Document Detail


A taste of the unfamiliar. Understanding the meanings attached to food by international postgraduate students in England.
MedLine Citation:
PMID:  19896514     Owner:  NLM     Status:  MEDLINE    
Abstract/OtherAbstract:
Using findings from semi-structured interviews with international postgraduate students in England, this paper explores the meanings attached to the food they eat in a new culture. Our study, using interviews, aimed to uncover student responses to both the food they eat whilst abroad and to the food they have left behind. Many students criticised local English food as bland, fattening, and unhealthy; nevertheless, most showed an openness to new foods, trying not only local food but also dishes prepared by their international friends, but this sat alongside a strong attachment to their home country dishes. Eating together was a popular leisure activity, and food of the origin country or region was the most popular cuisine. Eating home country food offered emotional and physical sustenance; students felt comforted by familiar taste, and that their physical health was stabilised by the consumption of healthier food than was available locally. Despite acknowledgement of the importance of food to cultural identity and overall quality of life in the anthropology and nutrition literatures, there is a dearth of research into this aspect of the international student experience; this study, therefore, marks an important beginning.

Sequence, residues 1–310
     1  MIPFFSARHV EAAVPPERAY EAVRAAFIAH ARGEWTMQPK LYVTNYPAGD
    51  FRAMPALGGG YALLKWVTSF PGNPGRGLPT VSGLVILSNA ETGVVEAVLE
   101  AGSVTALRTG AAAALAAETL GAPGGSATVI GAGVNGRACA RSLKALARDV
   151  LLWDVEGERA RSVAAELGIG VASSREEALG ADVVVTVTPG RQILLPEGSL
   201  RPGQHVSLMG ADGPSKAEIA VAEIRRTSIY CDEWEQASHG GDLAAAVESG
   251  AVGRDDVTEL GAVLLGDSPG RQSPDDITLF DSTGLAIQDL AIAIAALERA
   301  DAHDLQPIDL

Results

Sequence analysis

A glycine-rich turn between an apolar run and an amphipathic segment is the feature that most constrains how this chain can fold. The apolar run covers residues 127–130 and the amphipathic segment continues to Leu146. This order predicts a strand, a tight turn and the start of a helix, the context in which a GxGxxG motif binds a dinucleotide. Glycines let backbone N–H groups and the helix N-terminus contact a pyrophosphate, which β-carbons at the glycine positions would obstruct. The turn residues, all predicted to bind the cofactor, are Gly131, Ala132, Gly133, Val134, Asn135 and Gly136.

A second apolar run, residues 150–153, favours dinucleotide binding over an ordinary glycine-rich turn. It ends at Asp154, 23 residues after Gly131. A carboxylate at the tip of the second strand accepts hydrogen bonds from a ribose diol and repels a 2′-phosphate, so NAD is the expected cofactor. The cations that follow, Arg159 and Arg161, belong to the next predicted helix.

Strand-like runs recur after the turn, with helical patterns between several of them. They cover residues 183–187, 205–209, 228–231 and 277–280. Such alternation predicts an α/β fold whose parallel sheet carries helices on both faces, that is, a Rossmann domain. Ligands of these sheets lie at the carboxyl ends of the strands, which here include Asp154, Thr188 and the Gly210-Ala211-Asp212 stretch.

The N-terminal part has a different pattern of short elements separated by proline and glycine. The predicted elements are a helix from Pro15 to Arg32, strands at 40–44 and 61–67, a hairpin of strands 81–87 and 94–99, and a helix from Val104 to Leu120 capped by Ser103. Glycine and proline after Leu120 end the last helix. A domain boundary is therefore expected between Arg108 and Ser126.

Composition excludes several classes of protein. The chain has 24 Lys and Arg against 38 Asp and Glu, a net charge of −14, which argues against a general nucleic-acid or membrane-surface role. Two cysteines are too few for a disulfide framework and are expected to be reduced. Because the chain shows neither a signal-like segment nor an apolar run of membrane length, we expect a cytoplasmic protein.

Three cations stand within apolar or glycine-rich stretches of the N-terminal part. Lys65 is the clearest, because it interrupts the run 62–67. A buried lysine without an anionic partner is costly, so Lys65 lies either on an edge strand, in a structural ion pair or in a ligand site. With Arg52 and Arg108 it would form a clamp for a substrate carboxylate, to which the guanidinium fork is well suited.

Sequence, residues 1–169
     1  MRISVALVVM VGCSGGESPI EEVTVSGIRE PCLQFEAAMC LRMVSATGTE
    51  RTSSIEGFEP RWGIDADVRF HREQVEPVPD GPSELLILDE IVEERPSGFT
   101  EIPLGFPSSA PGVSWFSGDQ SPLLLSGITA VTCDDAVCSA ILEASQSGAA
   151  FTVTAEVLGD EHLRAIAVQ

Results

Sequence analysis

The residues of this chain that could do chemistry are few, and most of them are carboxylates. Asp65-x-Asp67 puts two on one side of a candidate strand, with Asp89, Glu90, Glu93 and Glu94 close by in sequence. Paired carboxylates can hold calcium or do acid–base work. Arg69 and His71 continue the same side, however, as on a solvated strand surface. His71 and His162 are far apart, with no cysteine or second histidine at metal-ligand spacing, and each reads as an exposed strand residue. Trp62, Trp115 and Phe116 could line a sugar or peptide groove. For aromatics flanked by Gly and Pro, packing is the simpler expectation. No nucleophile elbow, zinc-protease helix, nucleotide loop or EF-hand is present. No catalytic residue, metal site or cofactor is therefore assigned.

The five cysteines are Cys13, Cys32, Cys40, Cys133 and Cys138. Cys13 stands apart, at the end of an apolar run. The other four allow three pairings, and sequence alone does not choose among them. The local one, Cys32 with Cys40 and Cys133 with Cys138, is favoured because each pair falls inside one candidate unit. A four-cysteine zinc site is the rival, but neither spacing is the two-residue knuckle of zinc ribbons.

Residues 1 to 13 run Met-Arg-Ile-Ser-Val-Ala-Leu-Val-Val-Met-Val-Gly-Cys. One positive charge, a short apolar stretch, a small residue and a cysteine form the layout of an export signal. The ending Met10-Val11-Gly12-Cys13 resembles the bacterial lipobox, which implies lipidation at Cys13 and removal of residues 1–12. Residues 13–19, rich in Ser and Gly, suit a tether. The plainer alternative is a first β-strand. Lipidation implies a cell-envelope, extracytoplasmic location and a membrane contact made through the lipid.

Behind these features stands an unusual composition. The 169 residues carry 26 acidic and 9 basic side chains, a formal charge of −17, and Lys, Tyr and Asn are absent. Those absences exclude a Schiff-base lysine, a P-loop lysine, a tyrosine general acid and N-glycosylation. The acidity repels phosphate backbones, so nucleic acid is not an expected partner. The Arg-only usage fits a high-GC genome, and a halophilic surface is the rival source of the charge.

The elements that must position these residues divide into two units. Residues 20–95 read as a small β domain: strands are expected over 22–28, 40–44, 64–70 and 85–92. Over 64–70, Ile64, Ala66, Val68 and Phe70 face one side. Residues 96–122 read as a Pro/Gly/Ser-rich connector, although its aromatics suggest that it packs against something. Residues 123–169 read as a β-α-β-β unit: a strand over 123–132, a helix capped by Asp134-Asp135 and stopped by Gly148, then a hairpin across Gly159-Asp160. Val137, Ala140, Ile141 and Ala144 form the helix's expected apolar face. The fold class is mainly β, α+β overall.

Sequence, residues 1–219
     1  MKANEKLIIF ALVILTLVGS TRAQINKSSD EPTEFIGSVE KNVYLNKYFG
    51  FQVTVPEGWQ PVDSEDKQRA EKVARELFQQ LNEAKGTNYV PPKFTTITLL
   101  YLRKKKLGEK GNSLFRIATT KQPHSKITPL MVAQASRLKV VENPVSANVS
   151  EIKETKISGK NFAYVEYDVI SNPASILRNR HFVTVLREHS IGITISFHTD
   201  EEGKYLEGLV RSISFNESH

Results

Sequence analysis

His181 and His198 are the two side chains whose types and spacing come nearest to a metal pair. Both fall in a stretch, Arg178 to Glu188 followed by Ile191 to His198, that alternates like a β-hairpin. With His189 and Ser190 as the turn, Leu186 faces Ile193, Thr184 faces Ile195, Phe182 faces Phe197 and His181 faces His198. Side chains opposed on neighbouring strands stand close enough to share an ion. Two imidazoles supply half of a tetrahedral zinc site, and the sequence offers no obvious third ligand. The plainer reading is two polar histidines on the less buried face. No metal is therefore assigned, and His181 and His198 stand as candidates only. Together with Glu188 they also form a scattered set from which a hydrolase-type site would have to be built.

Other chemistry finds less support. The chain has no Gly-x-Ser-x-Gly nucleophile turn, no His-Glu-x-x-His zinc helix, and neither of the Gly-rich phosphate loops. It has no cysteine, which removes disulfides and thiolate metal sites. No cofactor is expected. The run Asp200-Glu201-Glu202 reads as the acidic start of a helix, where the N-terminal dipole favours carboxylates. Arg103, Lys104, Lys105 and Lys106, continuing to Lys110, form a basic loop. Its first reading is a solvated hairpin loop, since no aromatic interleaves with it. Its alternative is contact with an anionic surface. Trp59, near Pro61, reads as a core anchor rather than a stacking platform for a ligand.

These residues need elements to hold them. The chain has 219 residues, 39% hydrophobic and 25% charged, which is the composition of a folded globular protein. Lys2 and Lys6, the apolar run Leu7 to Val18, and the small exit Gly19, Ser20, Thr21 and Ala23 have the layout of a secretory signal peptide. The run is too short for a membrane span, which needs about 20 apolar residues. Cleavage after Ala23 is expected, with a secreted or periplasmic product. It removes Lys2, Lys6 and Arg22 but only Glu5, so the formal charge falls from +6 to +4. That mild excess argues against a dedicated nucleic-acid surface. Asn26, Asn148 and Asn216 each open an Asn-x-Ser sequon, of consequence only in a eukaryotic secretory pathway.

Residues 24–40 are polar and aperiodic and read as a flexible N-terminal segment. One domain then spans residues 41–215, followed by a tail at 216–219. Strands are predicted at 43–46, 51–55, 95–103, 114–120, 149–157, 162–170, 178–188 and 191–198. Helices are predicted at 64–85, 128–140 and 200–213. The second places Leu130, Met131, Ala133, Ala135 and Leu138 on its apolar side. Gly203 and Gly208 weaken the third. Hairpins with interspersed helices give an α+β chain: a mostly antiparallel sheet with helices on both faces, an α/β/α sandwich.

Authors:
Lorraine Brown; John Edwards; Heather Hartwell
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Publication Detail:
Type:  Journal Article     Date:  2009-11-05
Journal Detail:
Title:  Appetite     Volume:  54     ISSN:  1095-8304     ISO Abbreviation:  Appetite     Publication Date:  2010 Feb 
Date Detail:
Created Date:  2010-02-01     Completed Date:  2010-05-06     Revised Date:  -    
Medline Journal Info:
Nlm Unique ID:  8006808     Medline TA:  Appetite     Country:  England    
Other Details:
Languages:  eng     Pagination:  202-7     Citation Subset:  IM    
Copyright Information:
2009 Elsevier Ltd. All rights reserved.
Affiliation:
School of Services Management, Dorset House, Talbot Campus, Bournemouth University, Poole BH125BB, United Kingdom. lbrown@bournemouth.ac.uk
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MeSH Terms
Descriptor/Qualifier:
Adult
Africa / ethnology
Asia, Southeastern / ethnology
Attitude to Health
Comprehension / physiology*
Culture*
Emotions / physiology
England / ethnology
Europe / ethnology
Feeding Behavior / physiology,  psychology
Female
Food*
Food Preferences / physiology*,  psychology
Health Status
Humans
Interviews as Topic
Leisure Activities / psychology
Male
Memory / physiology
Middle East / ethnology
Recognition (Psychology) / physiology*
Social Behavior
Students / psychology
Taste / physiology*
Young Adult

From MEDLINE®/PubMed®, a database of the U.S. National Library of Medicine


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